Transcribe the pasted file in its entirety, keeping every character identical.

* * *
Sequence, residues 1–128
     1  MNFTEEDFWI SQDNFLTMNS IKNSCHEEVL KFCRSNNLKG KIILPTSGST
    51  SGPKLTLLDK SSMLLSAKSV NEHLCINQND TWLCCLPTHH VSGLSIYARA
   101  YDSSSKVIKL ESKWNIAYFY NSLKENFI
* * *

Sequence, residues 1–128
     1  MNFTEEDFWI SQDNFLTMNS IKNSCHEEVL KFCRSNNLKG KIILPTSGST
    51  SGPKLTLLDK SSMLLSAKSV NEHLCINQND TWLCCLPTHH VSGLSIYARA
   101  YDSSSKVIKL ESKWNIAYFY NSLKENFI